You are here: Home » PTI Stories » National » News
Business Standard

BSF man who posted video on bad food gets axed

Press Trust of India  |  New Delhi 

BSF jawan Tej Bahadur Yadav who had posted a video online complaining about poor quality food being served to the troops on icy heights along the in Jammu and Kashmir, has been dismissed on charge of indiscipline.

A spokesman for the BSF said constable Yadav was "was found guilty of all the charges and awarded dismissal from service."



The order comes five months after he posted the video on Facebook, triggering public outcry over the working conditions of troops guarding the country's frontiers.

The BSF had conducted a Summary Security Force (SSFC) where Yadav was tried on two counts of making "false allegations" on regarding the quality of food, and carrying two mobile phones while on operational duty, the spokesman said.

He said making "false allegations" about the quality of food was an act "prejudicial to good order and discipline" of the force, and that he did not adhere to formal grievance redressal mechanism available.

The spokesman alleged that constable Yadav did not obey a general order of the force and carried two mobile phones while on operational duty which was against the Standard Operating Procedure (SOP). Yadav also posted photographs in uniform on in contravention of instructions, he said.

The SSFC began its proceedings from April 13 during which "all opportunities" were given to Yadav to defend himself, the spokesman said, adding he can appeal against the punishment to an appellate authority within three months.

Yadav, clad in battle fatigues and carrying his service rifle, had in January this year posted a video on Facebook, claiming poor quality food like watery 'dal' and burnt 'chapatis' were being served to the troops serving across the inhospitable terrain.

While the government procures essentials for the soldiers, the higher-ups "sell them off" in an "illegal" manner in the market making the lower level personnel in the force suffer, he had alleged.

The jawan, who was part of a BSF unit posted along the Line of Control in Jammu and Kashmir, had also said in the video that a watery soup-like dal, which he claimed had only turmeric and salt, and a burnt chapati were served to them.

Yadav was serving in the 29th battalion of the force and had been transferred to a BSF battalion in Jammu during the inquiry.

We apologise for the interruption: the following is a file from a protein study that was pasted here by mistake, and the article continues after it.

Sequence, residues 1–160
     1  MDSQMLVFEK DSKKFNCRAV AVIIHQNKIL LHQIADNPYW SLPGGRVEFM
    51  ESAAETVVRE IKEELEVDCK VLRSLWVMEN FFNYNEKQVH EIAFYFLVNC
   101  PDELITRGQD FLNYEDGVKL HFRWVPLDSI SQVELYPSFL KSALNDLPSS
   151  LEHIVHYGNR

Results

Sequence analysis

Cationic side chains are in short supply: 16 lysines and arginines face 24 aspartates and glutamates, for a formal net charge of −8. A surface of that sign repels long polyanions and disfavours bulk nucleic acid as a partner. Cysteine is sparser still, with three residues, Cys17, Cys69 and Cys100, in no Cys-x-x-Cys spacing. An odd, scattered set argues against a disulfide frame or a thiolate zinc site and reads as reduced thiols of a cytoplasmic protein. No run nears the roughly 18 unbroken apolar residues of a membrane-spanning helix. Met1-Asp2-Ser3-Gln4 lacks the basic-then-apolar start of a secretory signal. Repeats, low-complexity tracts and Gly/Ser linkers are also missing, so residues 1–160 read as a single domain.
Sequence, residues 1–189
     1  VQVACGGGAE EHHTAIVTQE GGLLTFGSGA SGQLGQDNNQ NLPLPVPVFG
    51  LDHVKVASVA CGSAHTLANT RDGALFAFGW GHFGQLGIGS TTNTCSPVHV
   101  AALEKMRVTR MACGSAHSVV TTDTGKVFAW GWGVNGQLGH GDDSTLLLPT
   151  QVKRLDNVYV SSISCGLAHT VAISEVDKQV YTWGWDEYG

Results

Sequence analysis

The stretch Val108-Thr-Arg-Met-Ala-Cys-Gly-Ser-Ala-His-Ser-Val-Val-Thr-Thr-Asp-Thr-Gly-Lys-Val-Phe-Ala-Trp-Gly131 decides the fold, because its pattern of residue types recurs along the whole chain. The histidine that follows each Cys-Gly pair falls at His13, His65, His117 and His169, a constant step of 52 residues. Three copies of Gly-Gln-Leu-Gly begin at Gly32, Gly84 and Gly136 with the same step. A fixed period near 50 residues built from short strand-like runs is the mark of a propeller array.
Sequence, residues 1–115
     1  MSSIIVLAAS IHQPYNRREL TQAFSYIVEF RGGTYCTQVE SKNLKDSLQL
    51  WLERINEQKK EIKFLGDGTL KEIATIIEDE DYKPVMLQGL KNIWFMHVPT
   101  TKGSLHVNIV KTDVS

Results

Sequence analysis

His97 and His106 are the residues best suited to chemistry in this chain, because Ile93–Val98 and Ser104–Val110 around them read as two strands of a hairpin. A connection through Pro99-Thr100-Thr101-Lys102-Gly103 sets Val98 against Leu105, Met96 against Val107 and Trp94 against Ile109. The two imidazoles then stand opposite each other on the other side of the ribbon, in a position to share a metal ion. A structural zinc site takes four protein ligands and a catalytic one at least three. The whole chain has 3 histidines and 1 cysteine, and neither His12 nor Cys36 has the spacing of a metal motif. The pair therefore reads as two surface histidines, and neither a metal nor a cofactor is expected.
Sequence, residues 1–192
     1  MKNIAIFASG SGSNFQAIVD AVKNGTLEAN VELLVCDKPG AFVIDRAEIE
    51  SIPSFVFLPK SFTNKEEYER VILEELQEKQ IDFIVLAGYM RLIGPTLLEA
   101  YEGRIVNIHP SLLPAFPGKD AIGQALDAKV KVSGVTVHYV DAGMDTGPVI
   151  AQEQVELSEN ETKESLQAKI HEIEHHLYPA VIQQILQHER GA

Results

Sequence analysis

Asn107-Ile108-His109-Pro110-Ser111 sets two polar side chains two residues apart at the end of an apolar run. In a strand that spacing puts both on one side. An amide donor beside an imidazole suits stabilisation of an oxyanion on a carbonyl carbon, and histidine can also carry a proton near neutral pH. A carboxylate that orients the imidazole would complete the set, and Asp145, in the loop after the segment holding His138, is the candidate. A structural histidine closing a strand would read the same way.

Two former Directors General of BSF supported the decision of his dismissal, saying indiscipline should not be tolerated.

Former BSF chief Prakash Singh, who is credited for various police reforms, said the manner in which he uploaded the video clip is a cause of concern.

He subsequently kept going to the media in breach of discipline which set a bad example for a large force like the BSF, Singh said.

"While we have to give some credit to Yadav for bringing some issues to the public domain that require attention, the force would have thought that if such practices are not checked and punished then, well, everybody can do this," he said.

Singh said such things must be "nipped in the bud" as otherwise these would lead to "a stream of indisciplined or bad behaviour in the force".

"One will have to, whether Yadav or anyone else, go through and exhaust all the available channels in this regard," Singh said and quoted the then Army chief Gen Dalbir Suhag that such things cannot be allowed in the army or any other armed force.

Another former BSF chief D K Pathak termed Yadav's dismissal as a "correct decision", and said a force is run by discipline. If such things go on unchecked, anyone can be defamed or blamed, he said.

"A force cannot function like this. No doubt, the issue Yadav brought to the fore needed to be looked into," he said.

Earlier Yadav's plea for voluntary retirement was rejected in February this year on the ground that a of Inquiry was looking into allegations levelled by him as also charges of indiscipline that he was facing.

Rejecting Yadav's plea, BSF had said his request for voluntary retirement was "cancelled pending the of Inquiry (CoI) and finalisation of its recommendations".

(This story has not been edited by Business Standard staff and is auto-generated from a syndicated feed.)

RECOMMENDED FOR YOU

BSF man who posted video on bad food gets axed